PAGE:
Pepper and Water Chase

School is Back in Full Swing and so is our Learning Fun in Elementary Science! This activity can be done at home or in school but be careful with the pepper – it can make you sneeze and should never be put near the eyes! ┬áHave fun!

Pepper and Water Chase:

Not all liquids can be mixed together. Oil and vinegar are insoluble, meaning they do not mix together. Liquids that do not mix well together will try hard to separate into layers to form what chemist call a suspension.

In this activity students will observe two insoluble liquids and how they react around when mixed with each other.

Materials:

Milk & Food Coloring

Water & Pepper

Liquid Dish Soap

Flat pan with sides (cake pans work great)

Toothpicks

Instructions:

  1. In the pan add about a half-inch of milk to cover the bottom of the pan.
  2. Add several different colored drops of food coloring.
  3. Dip a toothpick into the liquid soap; be sure to make sure any excess soap drips are removed. There should be some soap on the tip of the toothpick.
  4. Place the toothpick (with the end with the soap first) in the center of the pan and watch the milk and food-coloring move.

(The milk may begin to swirl as it continues to try to move away from the soap on the toothpick). You can repeat this same activity using water and pepper. Placing the water and pepper in the pan and using a toothpick with liquid soap to make the pepper scatter.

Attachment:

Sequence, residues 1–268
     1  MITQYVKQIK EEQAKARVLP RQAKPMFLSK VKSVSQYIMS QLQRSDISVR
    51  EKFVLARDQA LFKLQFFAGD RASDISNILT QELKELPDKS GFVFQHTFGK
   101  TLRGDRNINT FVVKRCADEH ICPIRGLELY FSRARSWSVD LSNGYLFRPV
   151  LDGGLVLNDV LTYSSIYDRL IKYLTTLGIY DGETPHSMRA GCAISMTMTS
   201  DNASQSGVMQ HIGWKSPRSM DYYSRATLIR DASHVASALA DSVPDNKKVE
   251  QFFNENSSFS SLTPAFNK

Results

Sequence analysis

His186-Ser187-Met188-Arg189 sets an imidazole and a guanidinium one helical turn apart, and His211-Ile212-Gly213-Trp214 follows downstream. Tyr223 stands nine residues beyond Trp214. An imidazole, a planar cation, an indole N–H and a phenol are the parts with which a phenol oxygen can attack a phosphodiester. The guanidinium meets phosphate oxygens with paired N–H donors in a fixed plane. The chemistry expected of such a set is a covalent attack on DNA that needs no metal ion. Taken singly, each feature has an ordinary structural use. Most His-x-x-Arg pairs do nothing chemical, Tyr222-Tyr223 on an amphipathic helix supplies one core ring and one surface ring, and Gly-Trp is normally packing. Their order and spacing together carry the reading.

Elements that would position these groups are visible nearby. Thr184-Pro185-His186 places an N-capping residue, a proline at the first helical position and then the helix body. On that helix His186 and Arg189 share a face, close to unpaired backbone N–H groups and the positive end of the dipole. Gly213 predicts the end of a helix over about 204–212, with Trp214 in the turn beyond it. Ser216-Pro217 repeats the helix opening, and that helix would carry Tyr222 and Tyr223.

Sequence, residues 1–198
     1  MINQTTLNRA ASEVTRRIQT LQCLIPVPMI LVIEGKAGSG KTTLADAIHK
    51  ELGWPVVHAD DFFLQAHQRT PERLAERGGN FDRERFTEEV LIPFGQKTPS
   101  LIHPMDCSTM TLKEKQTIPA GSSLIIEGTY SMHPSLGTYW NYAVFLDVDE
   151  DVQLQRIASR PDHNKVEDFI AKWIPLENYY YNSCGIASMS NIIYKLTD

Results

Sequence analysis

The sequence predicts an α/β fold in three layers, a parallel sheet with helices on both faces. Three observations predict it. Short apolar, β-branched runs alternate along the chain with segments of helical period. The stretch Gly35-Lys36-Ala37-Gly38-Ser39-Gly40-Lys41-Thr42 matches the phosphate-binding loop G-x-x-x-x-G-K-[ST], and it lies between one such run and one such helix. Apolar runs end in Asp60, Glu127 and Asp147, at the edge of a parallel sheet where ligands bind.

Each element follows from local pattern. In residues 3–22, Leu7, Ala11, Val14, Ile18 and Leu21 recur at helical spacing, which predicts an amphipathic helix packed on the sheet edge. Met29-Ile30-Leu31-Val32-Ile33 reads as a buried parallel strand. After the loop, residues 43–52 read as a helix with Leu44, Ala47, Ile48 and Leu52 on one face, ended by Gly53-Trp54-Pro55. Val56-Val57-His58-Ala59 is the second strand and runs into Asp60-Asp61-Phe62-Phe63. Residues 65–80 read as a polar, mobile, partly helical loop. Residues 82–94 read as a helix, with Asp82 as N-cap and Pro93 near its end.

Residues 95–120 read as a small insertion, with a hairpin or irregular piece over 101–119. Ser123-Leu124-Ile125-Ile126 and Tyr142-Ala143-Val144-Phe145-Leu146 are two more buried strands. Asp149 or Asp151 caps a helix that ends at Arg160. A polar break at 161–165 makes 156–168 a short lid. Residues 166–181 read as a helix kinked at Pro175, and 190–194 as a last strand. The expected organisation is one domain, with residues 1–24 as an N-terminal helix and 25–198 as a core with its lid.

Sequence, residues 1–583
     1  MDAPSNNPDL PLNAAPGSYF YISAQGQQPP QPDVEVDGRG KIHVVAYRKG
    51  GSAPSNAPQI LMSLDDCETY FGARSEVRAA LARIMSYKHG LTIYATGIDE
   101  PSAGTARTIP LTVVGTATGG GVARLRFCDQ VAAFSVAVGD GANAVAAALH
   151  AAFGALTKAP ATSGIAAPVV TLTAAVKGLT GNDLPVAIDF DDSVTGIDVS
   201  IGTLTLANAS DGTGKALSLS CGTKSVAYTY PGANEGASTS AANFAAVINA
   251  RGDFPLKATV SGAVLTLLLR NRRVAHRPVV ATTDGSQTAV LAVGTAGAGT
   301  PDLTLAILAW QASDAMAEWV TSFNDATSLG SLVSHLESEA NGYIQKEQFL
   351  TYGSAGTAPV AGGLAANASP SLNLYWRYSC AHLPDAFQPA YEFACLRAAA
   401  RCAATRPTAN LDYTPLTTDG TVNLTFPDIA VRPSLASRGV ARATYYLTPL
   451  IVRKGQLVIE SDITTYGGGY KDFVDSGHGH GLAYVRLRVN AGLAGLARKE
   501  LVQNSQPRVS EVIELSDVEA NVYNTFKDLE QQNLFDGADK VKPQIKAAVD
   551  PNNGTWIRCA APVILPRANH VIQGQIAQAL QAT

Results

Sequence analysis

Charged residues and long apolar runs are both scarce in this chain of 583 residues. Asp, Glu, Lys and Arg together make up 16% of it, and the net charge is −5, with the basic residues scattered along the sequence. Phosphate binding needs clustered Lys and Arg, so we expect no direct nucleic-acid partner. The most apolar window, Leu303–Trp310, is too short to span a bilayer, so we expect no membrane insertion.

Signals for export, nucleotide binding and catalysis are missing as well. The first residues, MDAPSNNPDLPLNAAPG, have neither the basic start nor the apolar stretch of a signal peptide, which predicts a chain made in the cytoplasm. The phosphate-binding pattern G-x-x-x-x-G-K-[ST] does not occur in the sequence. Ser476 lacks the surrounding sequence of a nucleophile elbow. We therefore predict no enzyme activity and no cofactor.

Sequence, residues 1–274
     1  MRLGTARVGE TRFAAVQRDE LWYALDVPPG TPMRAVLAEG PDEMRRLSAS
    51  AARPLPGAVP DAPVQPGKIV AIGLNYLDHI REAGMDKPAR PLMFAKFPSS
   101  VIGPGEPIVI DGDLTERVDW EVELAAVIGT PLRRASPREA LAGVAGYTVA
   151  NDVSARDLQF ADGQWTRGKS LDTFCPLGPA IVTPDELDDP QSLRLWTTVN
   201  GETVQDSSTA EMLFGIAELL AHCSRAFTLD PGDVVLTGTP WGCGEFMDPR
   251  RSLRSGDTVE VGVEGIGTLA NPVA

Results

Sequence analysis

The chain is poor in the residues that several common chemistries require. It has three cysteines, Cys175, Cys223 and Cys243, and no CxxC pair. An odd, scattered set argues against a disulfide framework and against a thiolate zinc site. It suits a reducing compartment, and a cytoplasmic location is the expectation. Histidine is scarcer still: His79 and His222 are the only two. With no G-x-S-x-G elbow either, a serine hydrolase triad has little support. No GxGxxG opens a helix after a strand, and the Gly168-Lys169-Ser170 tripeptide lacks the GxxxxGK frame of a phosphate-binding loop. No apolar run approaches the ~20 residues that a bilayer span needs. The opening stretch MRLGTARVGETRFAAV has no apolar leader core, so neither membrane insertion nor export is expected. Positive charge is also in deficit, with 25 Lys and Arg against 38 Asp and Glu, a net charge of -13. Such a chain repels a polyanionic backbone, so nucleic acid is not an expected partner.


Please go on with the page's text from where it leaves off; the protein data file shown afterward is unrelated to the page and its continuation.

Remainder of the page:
How It Works:

The soap is made up of water and soap particles. In the milk the fat particles are hydrophobic meaning they do not like water and want to move away from the water in the soap. This is what is observed when the colors spread and the milk moves away from the soap on the toothpick. As the fat molecules in the milk continue to move away from the soap, they take the colors with them and form a swirling mixture of colors.

When teaching chemistry concepts that involve new vocabulary, it is helpful to create flashcards that can be posted in the classroom to reinforce the new word. For this activity, you can take a picture of the mixture, to remind the students about how insoluble mixtures do not mix or have a picture of an oil and water mixture. Science should not be a standalone topic, but instead can be incorporated in language and in math. To read more about integrating math into science, visit: http://www.edutopia.org/blog/integrating-math-science-creatively-ben-johnson

For Our Fun Learning Game about other great science activities, you can visit here!

http://www.science-lessons.ca/games/mammals.html

http://www.science-lessons.ca/games/space.html

http://www.science-lessons.ca/games/weather8.htm

http://www.literature-enrichment.com/

 

Author: Ms. Hynes

Specialty: International Education

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